Living in L.A., did you ever traverse the paths your characters take throughout the city? And if you could live at any point in time in Los Angeles, what era would you pick and why?
A lot of the places in Dead To Me are still standing: the Cedars of Lebanon Hospital is now the Church of Scientology on Sunset Boulevard. Musso & Frank Grill, where Alice meets Cy and where Humphrey Bogart was a regular, is still around (I went twice for research purposes…and steak). Millie’s apartment building on Lexington Avenue is a real place, and Elizabeth Short actually lived there for a brief time. And since Alice’s dad is the head of publicity at a movie studio, I found out where the head of publicity at Paramount Pictures lived in the 1940s and had Alice’s family live in the same neighborhood.
LA’s history is glamorous and fascinating and exciting, but it’s also easy to idealize. I’m glad I live in LA right now and not 70 years ago. It’s still a city with a lot of problems, but I feel like we’re working on them.
Scenes in which a girl tends to the wounds of the hero are practically mandatory in noir and action-adventure movies. I absolutely LOVE that you subvert this trope by reversing the genders, and having Cy clean up Alice after she’s injured. Was this a conscious choice, or something that came about naturally in the course of the story?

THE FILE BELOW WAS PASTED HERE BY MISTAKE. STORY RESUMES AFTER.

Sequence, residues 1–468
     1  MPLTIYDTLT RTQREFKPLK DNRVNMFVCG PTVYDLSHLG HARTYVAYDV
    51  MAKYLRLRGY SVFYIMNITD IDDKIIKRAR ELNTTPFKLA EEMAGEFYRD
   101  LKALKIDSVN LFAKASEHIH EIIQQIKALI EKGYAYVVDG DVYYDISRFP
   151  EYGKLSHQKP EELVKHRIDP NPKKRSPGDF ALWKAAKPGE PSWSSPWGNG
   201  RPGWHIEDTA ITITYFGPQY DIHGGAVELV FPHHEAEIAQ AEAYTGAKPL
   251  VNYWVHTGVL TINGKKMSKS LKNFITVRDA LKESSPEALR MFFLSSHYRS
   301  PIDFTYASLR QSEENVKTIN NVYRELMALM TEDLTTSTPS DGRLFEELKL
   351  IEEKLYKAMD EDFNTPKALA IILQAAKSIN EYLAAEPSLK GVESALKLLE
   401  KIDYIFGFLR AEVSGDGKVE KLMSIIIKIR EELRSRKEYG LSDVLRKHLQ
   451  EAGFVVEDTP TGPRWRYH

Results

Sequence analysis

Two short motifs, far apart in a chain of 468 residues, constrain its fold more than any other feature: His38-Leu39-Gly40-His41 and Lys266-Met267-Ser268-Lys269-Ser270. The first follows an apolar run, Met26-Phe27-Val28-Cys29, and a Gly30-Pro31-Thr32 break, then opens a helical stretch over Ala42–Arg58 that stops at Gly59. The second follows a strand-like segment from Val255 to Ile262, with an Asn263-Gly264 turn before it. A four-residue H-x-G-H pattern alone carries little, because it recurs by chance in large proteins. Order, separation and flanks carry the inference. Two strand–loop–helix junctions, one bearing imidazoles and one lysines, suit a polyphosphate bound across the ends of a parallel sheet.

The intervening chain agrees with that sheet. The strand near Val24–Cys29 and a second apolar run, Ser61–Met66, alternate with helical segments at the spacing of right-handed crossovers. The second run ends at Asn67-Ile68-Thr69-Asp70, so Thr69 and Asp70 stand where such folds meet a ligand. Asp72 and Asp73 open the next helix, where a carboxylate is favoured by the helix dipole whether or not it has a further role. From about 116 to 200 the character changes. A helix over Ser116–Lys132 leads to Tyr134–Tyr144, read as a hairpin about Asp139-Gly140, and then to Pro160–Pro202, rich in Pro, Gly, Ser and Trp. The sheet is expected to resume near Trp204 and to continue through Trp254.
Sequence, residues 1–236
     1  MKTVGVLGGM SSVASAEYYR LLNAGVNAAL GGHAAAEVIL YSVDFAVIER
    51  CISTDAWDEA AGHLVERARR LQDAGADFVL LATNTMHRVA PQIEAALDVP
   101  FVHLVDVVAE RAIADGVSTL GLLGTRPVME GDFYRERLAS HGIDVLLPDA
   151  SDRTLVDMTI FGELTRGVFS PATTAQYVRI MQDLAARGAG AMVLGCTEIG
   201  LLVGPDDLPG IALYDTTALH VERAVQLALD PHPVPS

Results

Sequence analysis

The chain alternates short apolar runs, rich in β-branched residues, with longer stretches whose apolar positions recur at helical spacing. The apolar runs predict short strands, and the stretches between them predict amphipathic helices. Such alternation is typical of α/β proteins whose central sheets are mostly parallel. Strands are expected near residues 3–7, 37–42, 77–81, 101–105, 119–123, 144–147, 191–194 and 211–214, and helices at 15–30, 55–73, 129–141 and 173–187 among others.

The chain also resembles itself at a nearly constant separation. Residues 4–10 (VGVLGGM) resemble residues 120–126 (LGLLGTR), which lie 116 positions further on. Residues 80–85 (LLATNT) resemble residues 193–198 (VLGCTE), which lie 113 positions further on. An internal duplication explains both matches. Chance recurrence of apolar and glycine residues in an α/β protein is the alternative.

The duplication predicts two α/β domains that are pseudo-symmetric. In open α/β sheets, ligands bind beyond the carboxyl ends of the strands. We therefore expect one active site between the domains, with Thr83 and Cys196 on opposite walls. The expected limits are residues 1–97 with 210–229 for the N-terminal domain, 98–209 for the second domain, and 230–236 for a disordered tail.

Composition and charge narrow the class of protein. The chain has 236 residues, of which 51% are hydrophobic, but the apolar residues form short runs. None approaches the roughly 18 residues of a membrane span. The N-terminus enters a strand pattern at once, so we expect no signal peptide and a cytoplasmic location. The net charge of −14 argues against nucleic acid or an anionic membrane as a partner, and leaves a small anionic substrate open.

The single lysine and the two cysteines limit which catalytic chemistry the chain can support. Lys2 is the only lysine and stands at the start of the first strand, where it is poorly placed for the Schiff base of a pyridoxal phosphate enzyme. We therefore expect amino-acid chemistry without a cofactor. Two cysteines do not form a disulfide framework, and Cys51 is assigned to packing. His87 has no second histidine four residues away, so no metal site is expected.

My editor had asked me to expand on the chemistry between Alice and Cy, which was tricky because how do you develop a love interest when the novel is set over just a couple of days? And when the main character has a black eye and a bruised jaw and a big cut on her face? However, I knew my editor at Disney was right, and there was a spark between these two characters that I needed to explore, but I also knew that if there was any romance in the book at all, I wanted it to be noir in the extreme!
Can you tell us a bit about any upcoming project(s)?
It’s still a little bit of a secret, but I’m working on a contemporary YA about a historically obsessed main character. It’s set in LA, of course.
As a librarian in the young adult department at Los Angeles Public Library, how do you determine which books to order? Do you have anything on your wishlist right now, either personally or that you think is lacking in childrens’ or YA lit? What do you think teens are hungry for at the moment?
When deciding what to order, I consider popularity and quality and what readers in my city want. So I look at professional reviews, I look at Goodreads, I ask the teens in my library what they want me to order, and I also keep an eye out for areas where there are gaps in my collection or demand that’s not being met.
There is always a need for diverse books, but especially in a diverse city like Los Angeles, and my teens need to see more characters who look like them. The We Need Diverse Books campaign made these awesome printable flyers last summer recommending diverse books. Ever since I hung them up at my library, those books are NEVER on the shelf. At my library, I’d especially love to see more books with amazing, complicated Latino/a characters like Aristotle and Dante Discover the Secrets of the Universe, by Benjamin Alire Saenz, and Gabi, a Girl in Pieces, by Isabel Quintero, and books about different LGBTQ experiences like Bill Konigsberg’s Openly Straight and Everything Leads To You, by Nina LaCour.